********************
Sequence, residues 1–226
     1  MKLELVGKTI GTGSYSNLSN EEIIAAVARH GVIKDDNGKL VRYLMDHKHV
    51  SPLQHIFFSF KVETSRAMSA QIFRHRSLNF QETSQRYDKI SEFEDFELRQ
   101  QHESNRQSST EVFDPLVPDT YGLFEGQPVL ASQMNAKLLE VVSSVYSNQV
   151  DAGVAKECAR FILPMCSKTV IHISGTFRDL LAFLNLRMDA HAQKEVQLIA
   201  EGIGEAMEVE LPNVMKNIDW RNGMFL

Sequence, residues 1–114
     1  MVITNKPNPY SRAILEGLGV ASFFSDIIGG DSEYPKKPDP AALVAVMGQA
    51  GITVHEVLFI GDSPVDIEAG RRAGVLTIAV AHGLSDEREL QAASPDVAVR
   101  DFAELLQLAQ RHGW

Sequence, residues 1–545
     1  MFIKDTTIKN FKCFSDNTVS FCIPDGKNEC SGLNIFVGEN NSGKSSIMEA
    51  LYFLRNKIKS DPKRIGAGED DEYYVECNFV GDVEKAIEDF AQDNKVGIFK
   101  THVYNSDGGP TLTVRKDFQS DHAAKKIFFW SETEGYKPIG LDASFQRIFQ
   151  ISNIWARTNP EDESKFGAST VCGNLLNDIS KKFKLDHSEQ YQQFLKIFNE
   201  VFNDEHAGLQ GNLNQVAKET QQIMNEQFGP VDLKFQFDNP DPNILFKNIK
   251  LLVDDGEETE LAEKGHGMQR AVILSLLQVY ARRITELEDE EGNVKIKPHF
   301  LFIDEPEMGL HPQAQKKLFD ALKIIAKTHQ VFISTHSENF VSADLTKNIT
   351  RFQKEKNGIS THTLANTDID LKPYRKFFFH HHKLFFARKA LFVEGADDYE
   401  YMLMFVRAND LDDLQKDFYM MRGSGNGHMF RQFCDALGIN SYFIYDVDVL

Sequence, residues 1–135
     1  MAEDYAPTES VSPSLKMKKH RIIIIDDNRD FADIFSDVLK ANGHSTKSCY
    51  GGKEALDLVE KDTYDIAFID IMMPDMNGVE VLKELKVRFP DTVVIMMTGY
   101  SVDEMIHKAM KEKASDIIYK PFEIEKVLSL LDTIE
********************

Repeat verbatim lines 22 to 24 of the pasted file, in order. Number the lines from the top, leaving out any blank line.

     1  MAEDYAPTES VSPSLKMKKH RIIIIDDNRD FADIFSDVLK ANGHSTKSCY
    51  GGKEALDLVE KDTYDIAFID IMMPDMNGVE VLKELKVRFP DTVVIMMTGY
   101  SVDEMIHKAM KEKASDIIYK PFEIEKVLSL LDTIE